Monday, July 6, 2015

Christopher W. Morin

Christopher W. Morin, author of A Tale of Life & War, was born, raised, and currently resides in Portland, Maine. He received a B.A. in Journalism from the University of Maine at Orono. He is a history enthusiast and has enjoyed creative writing since penning his first short story back in second grade.

Come meet Christopher W. Morin and all of our other authors at Books in Boothbay, this Saturday, July 11!

Brian Kevin

Brian Kevin is the author of The Footloose American: Following the Hunter S. Thompson Trail Across South America

What are your ties to Maine or the Boothbay Peninsula?

I live just up the road, in Damariscotta. I've lived in Maine for about 5 years now, since my wife (who grew up in Cape Elizabeth) found me in Montana and convinced me to give the East a try. I'm also an editor at Down East magazine, so a lot of my writing life lately is Maine-centric.

What is your favorite thing about writing in Maine?


The psychographic diversity of this state appeals to me quite a bit, the way you can spend a weekend hanging around Portland, another visiting Rangeley, another on the midcoast, another passing through Washington County, and another exploring the County, and feel like you've drifted through five pretty distinct micro-cultures.

What are the most important themes in your work?

I'm a pretty loud and proud generalist -- I try to cover as diverse a slate of topics in a given year as I possibly can, and I try to keep the formal approach fresh. That being said, I think a lot of the stories I'm most drawn to have something to do with displacement and/or slippery definitions of wildness.

Tell us about the book you will be signing at Books In Boothbay this year?


I'll be signing copies of The Footloose American: Following the Hunter S. Thompson Trail Across South America, a travel book published last year, which finds me retracing the route that a young Hunter S. Thompson traveled as a freelance foreign correspondent in the early 1960s, long before he came to fame as a self-proclaimed "gonzo journalist." It's a road narrative that explores culture, politics, and ecology in 21st century South America, with Thompson's ghost as a traveling companion and guide.

What do you hope readers will discover in your latest book?


I think the book raises a questions about what it means to be an American abroad, about how immersion in a foreign culture changes a person and how it doesn't, and about how travelers leave their mark on the places they pass through. I hope readers come away from the book with a punch of potential answers to these questions they hadn't otherwise considered.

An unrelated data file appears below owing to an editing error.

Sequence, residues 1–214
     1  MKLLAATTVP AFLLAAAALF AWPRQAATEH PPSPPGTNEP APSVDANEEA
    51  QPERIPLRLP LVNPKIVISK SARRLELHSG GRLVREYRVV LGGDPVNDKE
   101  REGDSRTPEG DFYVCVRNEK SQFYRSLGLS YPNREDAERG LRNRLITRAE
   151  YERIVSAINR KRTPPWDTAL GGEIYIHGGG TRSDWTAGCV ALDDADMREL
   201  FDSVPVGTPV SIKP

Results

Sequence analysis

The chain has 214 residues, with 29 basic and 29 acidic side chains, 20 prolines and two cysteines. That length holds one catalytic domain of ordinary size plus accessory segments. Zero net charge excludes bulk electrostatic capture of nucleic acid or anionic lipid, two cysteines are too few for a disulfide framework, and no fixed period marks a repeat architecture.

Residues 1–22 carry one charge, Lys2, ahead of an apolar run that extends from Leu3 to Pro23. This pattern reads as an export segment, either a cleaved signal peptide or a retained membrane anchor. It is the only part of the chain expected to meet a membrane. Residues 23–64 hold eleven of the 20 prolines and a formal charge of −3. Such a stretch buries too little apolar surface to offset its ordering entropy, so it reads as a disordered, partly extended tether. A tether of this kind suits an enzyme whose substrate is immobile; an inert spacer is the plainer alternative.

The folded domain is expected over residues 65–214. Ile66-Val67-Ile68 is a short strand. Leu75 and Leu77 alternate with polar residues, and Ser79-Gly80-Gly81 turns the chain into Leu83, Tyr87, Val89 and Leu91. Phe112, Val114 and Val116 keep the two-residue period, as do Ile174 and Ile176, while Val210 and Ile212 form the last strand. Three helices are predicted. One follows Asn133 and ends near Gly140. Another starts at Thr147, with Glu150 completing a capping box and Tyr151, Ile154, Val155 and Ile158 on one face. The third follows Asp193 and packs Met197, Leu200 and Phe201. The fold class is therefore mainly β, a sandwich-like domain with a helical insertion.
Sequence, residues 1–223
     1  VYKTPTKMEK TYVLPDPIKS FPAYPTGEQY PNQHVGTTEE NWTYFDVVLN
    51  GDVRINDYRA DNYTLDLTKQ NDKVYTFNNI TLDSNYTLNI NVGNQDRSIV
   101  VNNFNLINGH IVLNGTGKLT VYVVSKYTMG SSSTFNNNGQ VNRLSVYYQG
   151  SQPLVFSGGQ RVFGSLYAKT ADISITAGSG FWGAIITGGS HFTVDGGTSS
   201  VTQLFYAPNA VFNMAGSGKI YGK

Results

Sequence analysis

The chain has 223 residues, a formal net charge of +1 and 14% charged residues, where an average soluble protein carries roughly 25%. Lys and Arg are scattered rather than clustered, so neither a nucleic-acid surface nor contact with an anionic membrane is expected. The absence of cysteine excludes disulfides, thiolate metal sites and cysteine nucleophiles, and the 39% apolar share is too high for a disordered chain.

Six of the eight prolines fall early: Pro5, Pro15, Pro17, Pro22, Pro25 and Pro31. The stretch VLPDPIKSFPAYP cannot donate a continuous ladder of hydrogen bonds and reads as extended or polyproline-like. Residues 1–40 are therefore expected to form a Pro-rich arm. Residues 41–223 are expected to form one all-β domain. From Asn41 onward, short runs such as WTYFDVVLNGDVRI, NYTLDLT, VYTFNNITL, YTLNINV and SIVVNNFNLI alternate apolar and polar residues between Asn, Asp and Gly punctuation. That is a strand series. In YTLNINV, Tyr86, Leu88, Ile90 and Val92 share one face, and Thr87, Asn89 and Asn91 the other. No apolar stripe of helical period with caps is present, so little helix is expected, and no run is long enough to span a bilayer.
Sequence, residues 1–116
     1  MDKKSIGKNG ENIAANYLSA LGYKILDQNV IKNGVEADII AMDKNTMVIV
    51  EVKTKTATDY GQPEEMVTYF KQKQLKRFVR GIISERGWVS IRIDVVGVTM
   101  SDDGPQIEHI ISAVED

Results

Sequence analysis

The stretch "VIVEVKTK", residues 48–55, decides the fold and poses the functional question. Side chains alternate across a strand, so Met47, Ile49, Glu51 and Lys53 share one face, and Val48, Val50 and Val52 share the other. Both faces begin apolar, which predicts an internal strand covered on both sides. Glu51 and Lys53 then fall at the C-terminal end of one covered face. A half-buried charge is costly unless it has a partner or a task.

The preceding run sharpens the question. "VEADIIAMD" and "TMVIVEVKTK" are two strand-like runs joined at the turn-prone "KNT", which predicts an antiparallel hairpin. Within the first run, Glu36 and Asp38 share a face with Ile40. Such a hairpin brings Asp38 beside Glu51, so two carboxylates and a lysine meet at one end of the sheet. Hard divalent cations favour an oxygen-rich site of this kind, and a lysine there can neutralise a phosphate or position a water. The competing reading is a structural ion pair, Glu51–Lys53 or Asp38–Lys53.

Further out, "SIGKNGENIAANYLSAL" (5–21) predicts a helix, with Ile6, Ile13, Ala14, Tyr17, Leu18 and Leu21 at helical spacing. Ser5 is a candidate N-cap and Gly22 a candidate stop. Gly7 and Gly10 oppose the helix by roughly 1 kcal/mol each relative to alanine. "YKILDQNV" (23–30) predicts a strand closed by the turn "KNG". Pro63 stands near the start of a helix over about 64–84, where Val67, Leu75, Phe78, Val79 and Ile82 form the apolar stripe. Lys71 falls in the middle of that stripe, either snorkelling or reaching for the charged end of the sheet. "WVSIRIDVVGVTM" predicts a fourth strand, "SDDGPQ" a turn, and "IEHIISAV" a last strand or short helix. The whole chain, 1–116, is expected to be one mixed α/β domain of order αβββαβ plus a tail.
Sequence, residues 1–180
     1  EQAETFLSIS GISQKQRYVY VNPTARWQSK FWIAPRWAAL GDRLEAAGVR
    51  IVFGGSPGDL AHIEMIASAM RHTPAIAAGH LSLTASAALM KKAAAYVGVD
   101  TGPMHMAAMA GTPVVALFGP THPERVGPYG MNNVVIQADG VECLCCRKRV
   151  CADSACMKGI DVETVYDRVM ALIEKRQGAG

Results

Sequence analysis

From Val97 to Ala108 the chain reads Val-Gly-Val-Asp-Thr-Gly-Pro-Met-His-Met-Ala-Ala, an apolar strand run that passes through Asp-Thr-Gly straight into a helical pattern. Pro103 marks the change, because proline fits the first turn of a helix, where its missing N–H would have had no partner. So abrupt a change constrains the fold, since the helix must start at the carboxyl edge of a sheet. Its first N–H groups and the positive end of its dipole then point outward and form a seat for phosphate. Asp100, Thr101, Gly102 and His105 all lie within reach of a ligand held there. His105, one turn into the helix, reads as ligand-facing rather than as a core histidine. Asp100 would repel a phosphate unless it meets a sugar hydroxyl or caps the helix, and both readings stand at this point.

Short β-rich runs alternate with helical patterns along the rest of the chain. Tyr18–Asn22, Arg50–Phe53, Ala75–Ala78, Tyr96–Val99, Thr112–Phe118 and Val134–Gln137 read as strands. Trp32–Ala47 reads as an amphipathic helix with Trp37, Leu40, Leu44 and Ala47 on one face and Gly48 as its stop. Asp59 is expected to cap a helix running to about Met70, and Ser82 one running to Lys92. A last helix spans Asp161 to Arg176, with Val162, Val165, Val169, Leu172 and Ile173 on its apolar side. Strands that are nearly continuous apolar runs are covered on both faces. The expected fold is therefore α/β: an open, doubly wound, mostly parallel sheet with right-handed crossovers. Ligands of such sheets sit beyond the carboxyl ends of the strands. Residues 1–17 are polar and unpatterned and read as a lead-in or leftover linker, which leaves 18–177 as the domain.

What do you feel about the future of our local libraries?

I haven't given it a lot of thought, but I know I'm fond of my own local library, Skidompha Public Library, here in Damariscotta. I imagine the big challenge before libraries is how to remain relevant in an increasingly digital age — not just because of ebooks, but because of the many digital commons available to us that fill some of the roles libraries once filled. I do hope that bigger institutions especially manage to keep a focus on being research repositories, rather than shifting their emphases to say, DVD lending or internet access in the name of attracting the most patrons.

Come meet Brian Kevin and other Maine authors this Saturday at Books in Boothbay!

Pat Lammers

Pat Lammers served as a Peace Corps Volunteer from 1973-1976 in the Kingdom of Tonga, South Pacific. She introduced an English reading program to about 100 teachers. She was later a Park Ranger at Antietam National Battlefield, giving CW talks, firing a black powder rifle and a 12 pound cannon. She recently retired from the Portland Public School System where she taught fourth graders how to research topics and infiltrate facts into poetry. Pat currently lives in Bowdoin, Maine, spending her time observing nature, gardening, and of course - writing poetry.